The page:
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The Wireless Internet Revolution

(From Pen Computing #36)

The wireless Internet is in the midst of an evolution, not a revolution. Its success is not coming overnight: In fact, it really hasn't begun. And yet interest by companies worldwide in delivering their services via wireless conduits is setting the stage for an untethered future that will increasingly seem commonplace over the next decade.

The innovative uses described in this Wireless Focus section of Pen Computing are merely the beginning of this revolution. Aside from the strong returns on investment and increased customer satisfaction they bring to companies that have implemented these products and services, perhaps the most important part of these case studies is the revelation that such services are possible today and finally being widely implemented by forward-looking companies.

There are easily 20 new press releases a day coming from companies announcing their "solution" for wireless applications, mobile portals, gateways, middleware and end-user devices. Developers are targeting one-way paging, two-way messaging, wireless phone networks, packet data networks, you name it. All are trying to establish beachheads in the industry. But just like any land grab, there will be spectacular winners and abysmal losers. However, the final wireless data industry layout is far from decided: Experimentation and the willingness to take risks are still necessary ingredients in finding out which mixes work and don't work.

Some of the greatest strides may arrive when Bluetooth applications start being widely implemented in 2001. While Bluetooth was initially envisioned as a mere linking technology that does away with cables and replaces them with wireless connections, this technology will likely enable peer-to-peer networking and personal area networking for cell phones, handheld computing devices, and just about any device you can imagine.

UK-based ARC Group forecasts there will be 182 million mobile data subscribers globally by the end of this year and 1.2 billion by the end of 2005. Similarly, Phoenix-based Cahners In-Stat Group predicts the wireless data market will grow from about 170 million subscribers worldwide in 2000 to greater than 1.3 billion in 2004. "As a result, more than 1.5 billion handsets, personal digital assistants, and Internet appliances are expected to be equipped with wireless capabilities by the end of 2004," Cahners notes.

Many feel that messaging will drive wireless data adoption, just as it drove PC-based Internet use. In-Stat estimates that the number of wireless messages sent per month will balloon from 3 billion in December 1999 to 244 billion by December 2004.

  • Pundits such as consultancy Strategy Analytics have repeatedly cited an evolution of device functionality in the handheld computing arena. The tiers are:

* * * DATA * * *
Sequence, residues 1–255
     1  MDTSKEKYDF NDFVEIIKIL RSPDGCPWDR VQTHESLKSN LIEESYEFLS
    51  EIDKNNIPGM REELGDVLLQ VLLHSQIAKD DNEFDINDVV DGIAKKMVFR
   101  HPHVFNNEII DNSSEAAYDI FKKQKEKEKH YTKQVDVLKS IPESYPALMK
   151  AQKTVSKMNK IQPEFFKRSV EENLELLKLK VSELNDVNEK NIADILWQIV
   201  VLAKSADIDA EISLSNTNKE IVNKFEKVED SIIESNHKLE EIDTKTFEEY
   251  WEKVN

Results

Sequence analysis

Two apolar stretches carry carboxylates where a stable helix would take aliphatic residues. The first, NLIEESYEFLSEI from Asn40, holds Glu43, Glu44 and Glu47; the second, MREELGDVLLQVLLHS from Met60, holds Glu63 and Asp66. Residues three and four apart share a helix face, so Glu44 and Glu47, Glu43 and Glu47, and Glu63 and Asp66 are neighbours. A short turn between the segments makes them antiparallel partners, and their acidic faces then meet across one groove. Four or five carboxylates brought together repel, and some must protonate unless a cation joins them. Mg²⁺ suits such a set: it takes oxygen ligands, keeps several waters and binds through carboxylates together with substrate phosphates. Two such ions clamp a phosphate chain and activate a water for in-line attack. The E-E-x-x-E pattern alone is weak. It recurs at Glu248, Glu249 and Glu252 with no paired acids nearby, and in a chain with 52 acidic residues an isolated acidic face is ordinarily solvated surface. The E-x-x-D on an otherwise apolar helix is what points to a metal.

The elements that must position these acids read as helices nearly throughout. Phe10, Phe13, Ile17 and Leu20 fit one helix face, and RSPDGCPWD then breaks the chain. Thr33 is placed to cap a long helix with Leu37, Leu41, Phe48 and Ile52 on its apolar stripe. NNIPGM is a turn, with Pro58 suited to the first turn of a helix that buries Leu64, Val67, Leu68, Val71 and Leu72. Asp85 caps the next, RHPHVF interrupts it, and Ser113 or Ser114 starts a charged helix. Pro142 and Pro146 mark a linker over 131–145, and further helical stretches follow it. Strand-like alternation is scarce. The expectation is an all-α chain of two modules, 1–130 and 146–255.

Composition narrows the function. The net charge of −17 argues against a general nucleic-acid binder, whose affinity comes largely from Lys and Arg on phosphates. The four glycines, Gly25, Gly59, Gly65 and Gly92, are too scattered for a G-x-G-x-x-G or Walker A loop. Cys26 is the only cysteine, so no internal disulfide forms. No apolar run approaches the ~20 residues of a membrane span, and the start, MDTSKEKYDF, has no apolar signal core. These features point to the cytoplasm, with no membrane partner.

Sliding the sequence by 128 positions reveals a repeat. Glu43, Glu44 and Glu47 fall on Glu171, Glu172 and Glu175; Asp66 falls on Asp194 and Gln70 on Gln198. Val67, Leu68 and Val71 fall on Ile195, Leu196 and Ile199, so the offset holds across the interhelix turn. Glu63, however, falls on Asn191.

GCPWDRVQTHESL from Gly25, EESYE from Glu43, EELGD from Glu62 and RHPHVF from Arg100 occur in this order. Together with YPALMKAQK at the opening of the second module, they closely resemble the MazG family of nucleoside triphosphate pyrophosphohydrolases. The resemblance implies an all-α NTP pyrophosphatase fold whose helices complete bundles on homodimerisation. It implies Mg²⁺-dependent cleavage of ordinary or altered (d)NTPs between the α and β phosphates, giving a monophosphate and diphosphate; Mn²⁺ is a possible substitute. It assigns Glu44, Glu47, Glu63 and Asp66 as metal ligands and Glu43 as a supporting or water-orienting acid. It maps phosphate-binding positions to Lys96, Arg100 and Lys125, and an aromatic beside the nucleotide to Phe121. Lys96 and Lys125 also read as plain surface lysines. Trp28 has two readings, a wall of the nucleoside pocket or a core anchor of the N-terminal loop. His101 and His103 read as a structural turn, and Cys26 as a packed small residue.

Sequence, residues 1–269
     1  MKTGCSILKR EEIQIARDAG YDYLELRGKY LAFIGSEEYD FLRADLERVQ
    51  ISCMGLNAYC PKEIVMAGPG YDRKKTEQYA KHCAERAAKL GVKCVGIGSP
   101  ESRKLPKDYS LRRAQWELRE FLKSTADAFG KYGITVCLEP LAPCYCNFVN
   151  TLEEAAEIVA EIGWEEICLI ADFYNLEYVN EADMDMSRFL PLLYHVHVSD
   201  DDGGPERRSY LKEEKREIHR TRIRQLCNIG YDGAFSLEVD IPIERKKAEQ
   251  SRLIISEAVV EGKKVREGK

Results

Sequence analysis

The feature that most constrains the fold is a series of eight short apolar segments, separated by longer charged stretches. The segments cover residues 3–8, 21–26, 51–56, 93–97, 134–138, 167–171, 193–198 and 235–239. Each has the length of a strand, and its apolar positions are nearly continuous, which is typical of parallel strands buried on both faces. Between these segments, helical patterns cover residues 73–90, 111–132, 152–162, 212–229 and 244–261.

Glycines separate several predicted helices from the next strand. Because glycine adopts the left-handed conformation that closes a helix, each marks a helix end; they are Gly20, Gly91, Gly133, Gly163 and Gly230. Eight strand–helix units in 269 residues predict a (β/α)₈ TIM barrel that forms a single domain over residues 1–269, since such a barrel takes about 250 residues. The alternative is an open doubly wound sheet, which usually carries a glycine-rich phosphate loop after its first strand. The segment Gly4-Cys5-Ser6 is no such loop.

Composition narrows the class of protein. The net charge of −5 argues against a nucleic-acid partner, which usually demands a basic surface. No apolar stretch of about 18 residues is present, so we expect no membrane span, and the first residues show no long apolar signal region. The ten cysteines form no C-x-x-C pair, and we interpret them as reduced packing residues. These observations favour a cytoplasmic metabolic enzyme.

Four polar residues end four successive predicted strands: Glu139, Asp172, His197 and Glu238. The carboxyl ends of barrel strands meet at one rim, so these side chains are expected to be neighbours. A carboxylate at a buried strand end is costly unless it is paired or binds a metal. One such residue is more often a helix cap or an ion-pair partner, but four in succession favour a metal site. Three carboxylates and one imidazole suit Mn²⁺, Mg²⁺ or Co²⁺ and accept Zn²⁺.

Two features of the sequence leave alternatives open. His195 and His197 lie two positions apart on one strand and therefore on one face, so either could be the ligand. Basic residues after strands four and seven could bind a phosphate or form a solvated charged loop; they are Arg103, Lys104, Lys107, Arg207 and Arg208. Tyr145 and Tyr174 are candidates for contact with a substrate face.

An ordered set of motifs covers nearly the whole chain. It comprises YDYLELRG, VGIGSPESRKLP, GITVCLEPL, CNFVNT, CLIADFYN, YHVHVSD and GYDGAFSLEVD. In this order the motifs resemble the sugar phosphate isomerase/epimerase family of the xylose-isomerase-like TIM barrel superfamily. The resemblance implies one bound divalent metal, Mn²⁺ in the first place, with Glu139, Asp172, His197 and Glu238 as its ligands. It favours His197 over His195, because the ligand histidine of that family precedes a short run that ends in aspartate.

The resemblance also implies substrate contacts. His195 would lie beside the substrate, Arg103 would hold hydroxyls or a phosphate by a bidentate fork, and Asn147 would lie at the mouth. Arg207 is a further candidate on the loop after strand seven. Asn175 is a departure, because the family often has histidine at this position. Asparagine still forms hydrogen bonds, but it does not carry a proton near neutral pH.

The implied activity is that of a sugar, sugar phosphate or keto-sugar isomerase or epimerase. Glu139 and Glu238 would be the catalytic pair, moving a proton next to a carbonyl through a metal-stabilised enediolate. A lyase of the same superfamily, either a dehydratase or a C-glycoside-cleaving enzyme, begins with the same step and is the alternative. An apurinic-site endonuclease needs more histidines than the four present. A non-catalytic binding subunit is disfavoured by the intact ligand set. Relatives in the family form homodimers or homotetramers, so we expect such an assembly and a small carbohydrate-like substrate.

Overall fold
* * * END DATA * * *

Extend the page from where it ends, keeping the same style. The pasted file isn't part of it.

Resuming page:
• Personal information management/messaging
  • Desktop extension, including word processing, spreadsheets and presentation applications
  • Multimedia, including consumer applications like MP3 music and business applications such as instructional video clips
Based on recent announcements, these tiers of functionality appear to apply to wireless services as well. Operators just getting their toes wet with wireless data services tend to dabble in PIM/messaging services, including basic content delivery. Now many of those operators are trying to bring wireless to the enterprise, providing on-the-go access to information stored in corporate databases. Once these operators have figured out how to get behind enterprise firewalls and provide those services that extend the desktop, the operators that have enough bandwidth will shoot for a whole menu of multimedia services that include entertainment and business applications. Along the way, expect to see a variety of innovative services like instant chat, wireless advertising, mobile banking, mobile commerce and location-based variations of all these offerings.

Yet despite such grandiose dreams for the wireless data world's future pubescence, it's important to note that the industry has at best reached toddler stage, where the players know just enough to be dangerous but not enough to make the industry 100% foolproof. Among the many issues sure to cause intense growing pains: form factors, e.g., wireless phones vs. personal communicators; global roaming; multi-mode and multi-frequency phones; privacy's role in location-based services; security in mobile commerce; wireless phones' suitability in moving vehicles; social etiquette; electromagnetic radiation, etc., etc. It's a complicated industry with an overwhelming number of deployment and usage issues.

Further, it's really unlikely that all cultures will adopt wireless data connectivity in the same manner. For instance, while NTT DoCoMo's i-Mode menu of wireless content services has been wildly popular in Japan, that type of adoption is unlikely to translate across the Pacific to the United States, where users have higher expectations thanks to ubiquitous access to high-speed wired Internet access. Nonetheless, there are lessons to be learned from each country's variation on untethered data services for businesses as well as consumers.

Wireless Internet-based services will continue to catch on, nonetheless - though with gradual, rather than overnight, acceptance. And anyone who has read a funny SMS from a lover while racing to catch a taxi, clinched a crucial sale by showing a client their company's new price list that was downloaded to a wirelessly enabled PDA, or profited from action taken based on a wirelessly delivered stock alert can tell you this: There's no turning back. -

Based in Boulder, Colorado, Tammy Parker has written about and consulted on wireless communication for 15 years. She can be reached at

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